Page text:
You have the right to remain silent, but that's no fun.
Let's say your housemate takes dishes up to his room and leaves them there. As a result, there are never any dishes for the rest of the house to use. Everyone in the house knows that he is the culprit—he's what you'd call a "repeat offender."
Also, maybe you peeked around his room when he wasn't home (but this is strictly off the record).
However, you've asked many times for him to relinquish the dinner- and silverware, and he insists that it's not him. Lies. You're fed up. You need a bowl to eat cereal. You decide to take action.
"Privacy-schmivacy," you mutter bitterly as you barge into his vacant room. You have reasonable suspicion, after all. You angrily gather up the hostages, run downstairs, and load them into the dishwasher. Mission accomplished.
A few hours later, your housemate comes home to find you and your other housemates gathered in the living room, waiting for him. You place him in handcuffs, read him his rights, and lead him to his cell where he awaits his trial. He broke the house rules. Now, he must be punished. Justice can finally be served—and so can your cereal.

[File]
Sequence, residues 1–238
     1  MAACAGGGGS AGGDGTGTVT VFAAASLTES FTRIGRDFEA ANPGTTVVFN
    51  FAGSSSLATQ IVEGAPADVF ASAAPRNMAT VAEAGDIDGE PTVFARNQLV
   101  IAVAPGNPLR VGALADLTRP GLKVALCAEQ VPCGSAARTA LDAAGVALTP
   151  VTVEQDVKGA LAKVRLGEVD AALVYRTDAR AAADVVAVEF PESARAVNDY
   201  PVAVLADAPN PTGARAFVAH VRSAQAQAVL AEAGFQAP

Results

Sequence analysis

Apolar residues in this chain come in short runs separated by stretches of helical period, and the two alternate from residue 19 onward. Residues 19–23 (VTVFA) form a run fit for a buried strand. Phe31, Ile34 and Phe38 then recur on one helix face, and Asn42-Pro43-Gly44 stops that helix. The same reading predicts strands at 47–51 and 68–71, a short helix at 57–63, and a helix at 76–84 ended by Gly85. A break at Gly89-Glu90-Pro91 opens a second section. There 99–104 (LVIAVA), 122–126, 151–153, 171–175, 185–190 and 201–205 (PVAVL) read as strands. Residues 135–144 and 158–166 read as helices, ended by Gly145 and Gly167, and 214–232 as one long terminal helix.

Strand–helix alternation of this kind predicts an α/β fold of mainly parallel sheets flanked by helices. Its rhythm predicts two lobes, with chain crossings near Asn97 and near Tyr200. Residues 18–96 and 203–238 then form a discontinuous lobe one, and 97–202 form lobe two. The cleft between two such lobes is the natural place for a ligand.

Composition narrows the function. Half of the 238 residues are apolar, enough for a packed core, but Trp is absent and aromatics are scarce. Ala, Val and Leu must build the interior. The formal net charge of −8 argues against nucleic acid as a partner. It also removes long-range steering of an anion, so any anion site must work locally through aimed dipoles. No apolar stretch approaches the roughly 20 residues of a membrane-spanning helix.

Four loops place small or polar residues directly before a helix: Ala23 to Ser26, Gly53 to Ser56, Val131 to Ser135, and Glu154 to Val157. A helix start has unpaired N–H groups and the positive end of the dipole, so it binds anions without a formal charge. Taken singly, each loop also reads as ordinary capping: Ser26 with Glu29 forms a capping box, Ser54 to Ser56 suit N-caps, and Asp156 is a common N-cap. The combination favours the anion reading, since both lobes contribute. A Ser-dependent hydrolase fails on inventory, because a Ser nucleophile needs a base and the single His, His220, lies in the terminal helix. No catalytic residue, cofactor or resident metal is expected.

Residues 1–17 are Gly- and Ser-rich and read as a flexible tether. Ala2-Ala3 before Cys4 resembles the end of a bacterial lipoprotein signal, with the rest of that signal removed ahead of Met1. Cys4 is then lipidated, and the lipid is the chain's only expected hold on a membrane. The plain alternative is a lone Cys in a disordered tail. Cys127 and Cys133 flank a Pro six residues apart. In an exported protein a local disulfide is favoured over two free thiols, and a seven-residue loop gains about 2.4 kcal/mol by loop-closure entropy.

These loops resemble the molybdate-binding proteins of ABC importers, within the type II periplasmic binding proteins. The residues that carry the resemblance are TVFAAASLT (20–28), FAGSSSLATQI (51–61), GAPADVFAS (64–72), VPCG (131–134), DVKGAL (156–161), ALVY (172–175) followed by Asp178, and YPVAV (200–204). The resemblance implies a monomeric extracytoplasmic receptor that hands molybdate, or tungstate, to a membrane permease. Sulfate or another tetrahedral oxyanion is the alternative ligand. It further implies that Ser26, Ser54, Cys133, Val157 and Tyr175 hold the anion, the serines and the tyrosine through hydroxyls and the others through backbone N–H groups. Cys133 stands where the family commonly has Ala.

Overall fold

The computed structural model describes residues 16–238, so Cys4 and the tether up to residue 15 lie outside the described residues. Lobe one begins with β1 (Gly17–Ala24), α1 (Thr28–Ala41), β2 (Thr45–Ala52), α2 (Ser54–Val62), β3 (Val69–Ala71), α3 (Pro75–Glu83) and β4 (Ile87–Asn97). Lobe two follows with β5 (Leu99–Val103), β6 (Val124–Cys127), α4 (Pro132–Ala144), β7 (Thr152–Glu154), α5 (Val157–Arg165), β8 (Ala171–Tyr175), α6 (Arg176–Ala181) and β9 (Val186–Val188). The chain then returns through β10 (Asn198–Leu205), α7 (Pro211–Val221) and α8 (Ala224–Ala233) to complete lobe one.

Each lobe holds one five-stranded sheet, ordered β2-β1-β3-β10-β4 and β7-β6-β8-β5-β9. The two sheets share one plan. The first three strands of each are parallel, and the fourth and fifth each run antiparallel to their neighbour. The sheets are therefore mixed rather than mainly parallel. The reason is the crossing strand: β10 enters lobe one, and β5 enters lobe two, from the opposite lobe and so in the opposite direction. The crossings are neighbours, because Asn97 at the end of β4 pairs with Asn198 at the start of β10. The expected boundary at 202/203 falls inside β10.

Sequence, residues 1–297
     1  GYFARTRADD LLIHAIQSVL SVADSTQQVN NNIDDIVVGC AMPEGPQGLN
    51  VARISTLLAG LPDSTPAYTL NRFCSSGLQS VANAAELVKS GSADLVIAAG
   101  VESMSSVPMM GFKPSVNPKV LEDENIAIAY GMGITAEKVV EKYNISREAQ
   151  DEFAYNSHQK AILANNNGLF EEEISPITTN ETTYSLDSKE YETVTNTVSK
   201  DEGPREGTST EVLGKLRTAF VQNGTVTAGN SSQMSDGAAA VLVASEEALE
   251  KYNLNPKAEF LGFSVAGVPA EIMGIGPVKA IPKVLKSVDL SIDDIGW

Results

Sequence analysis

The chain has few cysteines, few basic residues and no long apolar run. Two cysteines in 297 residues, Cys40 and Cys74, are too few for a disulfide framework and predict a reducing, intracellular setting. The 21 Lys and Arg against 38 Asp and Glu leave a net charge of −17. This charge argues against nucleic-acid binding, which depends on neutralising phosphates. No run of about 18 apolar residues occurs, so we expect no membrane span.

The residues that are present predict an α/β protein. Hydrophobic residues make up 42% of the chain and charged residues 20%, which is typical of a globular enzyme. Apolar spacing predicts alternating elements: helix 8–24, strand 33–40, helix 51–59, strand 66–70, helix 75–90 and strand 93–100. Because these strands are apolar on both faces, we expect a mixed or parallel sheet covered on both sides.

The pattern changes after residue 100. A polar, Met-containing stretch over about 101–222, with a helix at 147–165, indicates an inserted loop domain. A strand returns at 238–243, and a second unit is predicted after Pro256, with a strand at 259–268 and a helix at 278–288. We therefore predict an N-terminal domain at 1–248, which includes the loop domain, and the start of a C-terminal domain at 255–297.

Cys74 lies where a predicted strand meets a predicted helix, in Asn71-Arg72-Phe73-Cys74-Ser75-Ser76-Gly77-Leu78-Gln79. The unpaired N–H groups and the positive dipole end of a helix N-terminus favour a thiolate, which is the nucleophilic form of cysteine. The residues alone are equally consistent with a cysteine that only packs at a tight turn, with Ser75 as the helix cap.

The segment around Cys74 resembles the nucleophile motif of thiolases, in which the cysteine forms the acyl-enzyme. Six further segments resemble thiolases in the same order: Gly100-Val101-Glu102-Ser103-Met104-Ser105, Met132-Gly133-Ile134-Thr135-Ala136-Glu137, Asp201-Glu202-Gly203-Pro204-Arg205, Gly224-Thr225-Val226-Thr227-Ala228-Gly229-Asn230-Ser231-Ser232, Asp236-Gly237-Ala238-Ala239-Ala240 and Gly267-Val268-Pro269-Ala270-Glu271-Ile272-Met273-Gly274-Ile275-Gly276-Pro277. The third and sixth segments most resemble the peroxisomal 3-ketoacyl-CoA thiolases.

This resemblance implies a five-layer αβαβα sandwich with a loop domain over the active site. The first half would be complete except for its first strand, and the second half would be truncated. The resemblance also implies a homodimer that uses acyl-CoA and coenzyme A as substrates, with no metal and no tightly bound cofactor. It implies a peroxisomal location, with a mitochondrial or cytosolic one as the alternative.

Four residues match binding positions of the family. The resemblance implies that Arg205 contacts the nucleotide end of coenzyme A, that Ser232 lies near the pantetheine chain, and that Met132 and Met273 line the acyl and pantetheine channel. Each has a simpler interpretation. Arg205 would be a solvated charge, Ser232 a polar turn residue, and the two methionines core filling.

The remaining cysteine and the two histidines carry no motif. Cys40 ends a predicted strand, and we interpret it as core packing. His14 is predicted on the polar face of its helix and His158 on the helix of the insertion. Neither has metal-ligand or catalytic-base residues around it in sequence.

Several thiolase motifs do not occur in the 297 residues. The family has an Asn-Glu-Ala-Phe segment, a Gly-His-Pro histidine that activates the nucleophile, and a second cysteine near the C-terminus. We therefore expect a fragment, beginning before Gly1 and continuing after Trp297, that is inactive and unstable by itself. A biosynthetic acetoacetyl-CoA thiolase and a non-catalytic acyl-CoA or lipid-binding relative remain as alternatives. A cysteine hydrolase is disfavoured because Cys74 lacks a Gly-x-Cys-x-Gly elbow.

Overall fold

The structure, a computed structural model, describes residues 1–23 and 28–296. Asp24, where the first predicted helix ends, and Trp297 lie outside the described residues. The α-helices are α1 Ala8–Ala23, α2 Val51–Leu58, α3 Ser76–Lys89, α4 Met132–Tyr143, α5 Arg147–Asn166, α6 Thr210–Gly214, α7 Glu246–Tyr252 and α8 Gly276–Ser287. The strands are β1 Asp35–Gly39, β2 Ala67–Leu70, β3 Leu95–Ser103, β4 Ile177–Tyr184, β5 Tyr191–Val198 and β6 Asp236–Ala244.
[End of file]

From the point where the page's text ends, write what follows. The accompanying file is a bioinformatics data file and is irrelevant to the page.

Don't worry, here comes the point.
Crime and punishment: Find us a justice system that doesn't include the latter. Here in the U.S., we define "punishment" as compensation and/or the amount of time you spend in time-out for grown-ups. Now, our story might be a little dramatic for a tiff between housemates, but it demonstrates the basic cause-and-effect relationship between rule-breaking and its consequences.
The criminology major studies the crime and the criminal, whereas the criminal justice major studies the punishment. For example, a criminal justice major might look at how we define punishment and how criminals are prosecuted, while a criminology major is more likely to focus on criminal profiles and behavioral patterns. Both majors ask students to use their critical thinking and analytical skills to figure out how we respond to crime as a society.
Most graduates of criminology or criminal justice don't pursue an advanced degree after college. Instead, they can get a job in the legal profession, in law enforcement, social work, or maybe even military intelligence.
Percentage of US students who major in Criminology:
1.27% criminal justice, 0.12% criminology
Stats obtained from this source.